Review

Cell and Tissue Research

, Volume 354, Issue 2, pp 343-354

Novel mechanisms of tube-size regulation revealed by the Drosophila trachea

  • Li ZuoAffiliated withDepartment of Biological Sciences, Oakland UniversitySchool of Health and Rehabilitation Sciences, The Ohio State College of Medicine, The Ohio State University Wexner Medical Center
  • , Ekaterini IordanouAffiliated withDepartment of Biological Sciences, Oakland University
  • , Rachana R. ChandranAffiliated withDepartment of Biological Sciences, Oakland University
  • , Lan JiangAffiliated withDepartment of Biological Sciences, Oakland UniversityDodge Hall of Engineering 322 Email author 

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Abstract

The size of various tubes within tubular organs such as the lung, vascular system and kidney must be finely tuned for the optimal delivery of gases, nutrients, waste and cells within the entire organism. Aberrant tube sizes lead to devastating human illnesses, such as polycystic kidney disease, fibrocystic breast disease, pancreatic cystic neoplasm and thyroid nodules. However, the underlying mechanisms that are responsible for tube-size regulation have yet to be fully understood. Therefore, no effective treatments are available for disorders caused by tube-size defects. Recently, the Drosophila tracheal system has emerged as an excellent in vivo model to explore the fundamental mechanisms of tube-size regulation. Here, we discuss the role of the apical luminal matrix, cell polarity and signaling pathways in regulating tube size in Drosophila trachea. Previous studies of the Drosophila tracheal system have provided general insights into epithelial tube morphogenesis. Mechanisms that regulate tube size in Drosophila trachea could be well conserved in mammalian tubular organs. This knowledge should greatly aid our understanding of tubular organogenesis in vertebrates and potentially lead to new avenues for the treatment of human disease caused by tube-size defects.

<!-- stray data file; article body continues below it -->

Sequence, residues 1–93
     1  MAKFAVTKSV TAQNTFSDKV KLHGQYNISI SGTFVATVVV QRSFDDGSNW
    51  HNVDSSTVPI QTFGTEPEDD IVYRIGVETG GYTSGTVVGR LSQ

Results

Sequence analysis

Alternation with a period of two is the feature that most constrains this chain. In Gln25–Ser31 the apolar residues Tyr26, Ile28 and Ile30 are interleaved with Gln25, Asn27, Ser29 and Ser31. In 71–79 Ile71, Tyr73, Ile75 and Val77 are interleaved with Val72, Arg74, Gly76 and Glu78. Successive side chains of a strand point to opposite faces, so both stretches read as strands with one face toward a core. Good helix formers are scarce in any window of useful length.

Keywords

Trachea Tube size Luminal matrix Apical secretion Cell polarity Endocytosis Drosophila